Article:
Feast of Saint Anthony of Egypt, Abbot and Hermit. (born 251- died 356)
As a young man, Anthony took to heart the words of the gospel "Go, sell all that you have and give it to the poor". He divided his inheritance with his sister, gave away his share of it to the poor, and retired to the outskirts of town to live the life of an ascetic. Eventually, that wasn't enough, and he moved out into the desert, occasionally returning to live near other hermits, then moving farther away again.
At one point, he shut himself up in a ruined fortress for 20 years, only coming out at the end of that time to be a spiritual guide to the hermits who had taken up residence in the caves around his place of solitude. After organizing them, he again withdrew to a solitary life, emerging to combat Arianism, and at one point paying a visit to Saint Paul the Hermit (see January 15).
He suffered much through the attentions of demons, whether by temptations to sensuality and gluttony, or by physical beatings and torments, but through all of it he emerged victorious, and died in an odor of sanctity at age 105.
Traditionally, animals are blessed today, particularly horses, mules, donkeys, and dogs.
A plague spread across Europe in 1089, which in this instance was probably ergotism. Miraculous cures were reported of those who implored God's mercy through the intercession of Saint Anthony, especially those who prayed before his relics, and the inflammatory disease (and a couple of others) became known as Saint Anthony's Fire.
In art, he is often depicted with a pig nearby. The reasons given for this bit of iconography are various: that (like Merlin) the pig was a pet; or that pork fat was used in the treatment of skin diseases, therefore, by association, Saint Anthony became the patron of swineherds; or that it is neither of the above - the hog represents the gluttony and sensuality over which he triumphed.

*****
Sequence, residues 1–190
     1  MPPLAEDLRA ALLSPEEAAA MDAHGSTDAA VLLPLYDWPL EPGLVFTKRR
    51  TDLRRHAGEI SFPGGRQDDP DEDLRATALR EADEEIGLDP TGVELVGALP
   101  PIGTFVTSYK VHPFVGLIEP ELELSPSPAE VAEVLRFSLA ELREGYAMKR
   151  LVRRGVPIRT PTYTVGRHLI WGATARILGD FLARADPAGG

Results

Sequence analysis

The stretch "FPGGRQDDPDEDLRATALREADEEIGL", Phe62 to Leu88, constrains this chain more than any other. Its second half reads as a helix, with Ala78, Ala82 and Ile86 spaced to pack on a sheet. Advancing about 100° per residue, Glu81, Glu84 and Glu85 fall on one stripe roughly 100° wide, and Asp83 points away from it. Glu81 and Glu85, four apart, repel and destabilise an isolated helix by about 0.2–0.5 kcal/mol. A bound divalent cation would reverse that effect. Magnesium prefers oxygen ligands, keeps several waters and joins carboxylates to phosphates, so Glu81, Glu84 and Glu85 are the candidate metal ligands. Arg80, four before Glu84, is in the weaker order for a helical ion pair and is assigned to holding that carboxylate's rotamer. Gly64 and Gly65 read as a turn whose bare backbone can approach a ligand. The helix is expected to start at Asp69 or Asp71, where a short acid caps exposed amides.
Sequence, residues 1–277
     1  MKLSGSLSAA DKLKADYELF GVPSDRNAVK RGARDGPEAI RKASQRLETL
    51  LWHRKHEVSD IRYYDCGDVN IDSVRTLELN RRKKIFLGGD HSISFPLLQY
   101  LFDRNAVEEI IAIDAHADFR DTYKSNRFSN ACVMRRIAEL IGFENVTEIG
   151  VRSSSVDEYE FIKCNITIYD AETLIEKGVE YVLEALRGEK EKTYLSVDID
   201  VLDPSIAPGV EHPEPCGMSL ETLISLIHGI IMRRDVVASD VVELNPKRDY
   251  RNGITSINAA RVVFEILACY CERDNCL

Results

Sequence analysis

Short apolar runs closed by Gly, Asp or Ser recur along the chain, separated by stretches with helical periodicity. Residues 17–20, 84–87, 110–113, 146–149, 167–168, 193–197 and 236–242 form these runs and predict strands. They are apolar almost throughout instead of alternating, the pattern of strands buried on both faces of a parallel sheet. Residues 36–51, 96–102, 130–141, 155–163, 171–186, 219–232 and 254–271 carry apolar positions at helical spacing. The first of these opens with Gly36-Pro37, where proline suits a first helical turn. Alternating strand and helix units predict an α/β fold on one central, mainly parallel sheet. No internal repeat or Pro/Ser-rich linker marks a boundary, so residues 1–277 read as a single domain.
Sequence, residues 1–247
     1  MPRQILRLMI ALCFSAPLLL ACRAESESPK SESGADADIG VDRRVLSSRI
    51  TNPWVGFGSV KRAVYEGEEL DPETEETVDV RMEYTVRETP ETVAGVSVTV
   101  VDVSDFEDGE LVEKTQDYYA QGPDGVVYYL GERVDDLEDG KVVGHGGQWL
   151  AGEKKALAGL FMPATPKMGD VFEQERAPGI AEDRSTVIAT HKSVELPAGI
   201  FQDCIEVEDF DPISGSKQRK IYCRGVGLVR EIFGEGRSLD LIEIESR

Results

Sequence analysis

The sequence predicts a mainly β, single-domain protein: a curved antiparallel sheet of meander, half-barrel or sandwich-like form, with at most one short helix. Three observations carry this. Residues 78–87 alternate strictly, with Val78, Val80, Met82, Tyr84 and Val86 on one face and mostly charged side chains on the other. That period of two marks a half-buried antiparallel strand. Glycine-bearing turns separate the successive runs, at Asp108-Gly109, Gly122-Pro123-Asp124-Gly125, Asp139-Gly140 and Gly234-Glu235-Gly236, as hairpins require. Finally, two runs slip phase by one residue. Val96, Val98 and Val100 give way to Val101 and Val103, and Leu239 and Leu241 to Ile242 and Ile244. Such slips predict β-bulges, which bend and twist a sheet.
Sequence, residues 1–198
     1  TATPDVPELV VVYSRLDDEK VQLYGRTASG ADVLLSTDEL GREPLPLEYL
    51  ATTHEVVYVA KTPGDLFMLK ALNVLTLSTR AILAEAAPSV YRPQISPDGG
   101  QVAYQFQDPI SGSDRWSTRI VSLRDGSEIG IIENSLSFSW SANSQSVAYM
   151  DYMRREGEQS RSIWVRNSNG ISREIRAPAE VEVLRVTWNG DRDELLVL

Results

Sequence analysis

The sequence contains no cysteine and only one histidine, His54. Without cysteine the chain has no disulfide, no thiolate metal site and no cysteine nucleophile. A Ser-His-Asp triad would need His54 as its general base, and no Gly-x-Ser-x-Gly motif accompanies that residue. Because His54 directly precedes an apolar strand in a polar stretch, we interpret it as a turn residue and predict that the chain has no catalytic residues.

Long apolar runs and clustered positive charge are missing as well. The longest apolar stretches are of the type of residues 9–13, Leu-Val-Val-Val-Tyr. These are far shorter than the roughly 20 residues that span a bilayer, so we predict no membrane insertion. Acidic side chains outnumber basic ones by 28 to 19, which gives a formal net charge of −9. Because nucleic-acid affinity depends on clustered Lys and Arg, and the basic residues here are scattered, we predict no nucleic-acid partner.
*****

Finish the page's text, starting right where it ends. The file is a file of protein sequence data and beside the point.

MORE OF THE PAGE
Whatever the reason, the old saying "to follow someone about like a tantony pig" means to stick as close to that person as St. Anthony's favorite is said to have done to the saint.
I found this in a book written in 1897: "He [Anthony] is the great misogynist of the Church. He regarded the whole sex with profound mistrust, a mistrust not untinged with fear; for, although always on the alert, he seems to have been never quite sure what trick they might be up to next. That they were, for the most part, the devil's closest and most unscrupulous allies was a point about which he personally had very little doubt... He was, in fact, the organizer and leader of the first anti-women crusade; and it was part of his regular propaganda to insist that there could be neither peace on earth nor good will among men unless the whole feminine tribe were boycotted. Evidently he had no great faith in the resisting powers of his fellows; for the lesson he most impressed upon them was that in dealing with women their only chance of safety lay in flight."
Interesting. I wonder if he really did believe that women were "the devil's closest and most unscrupulous allies"?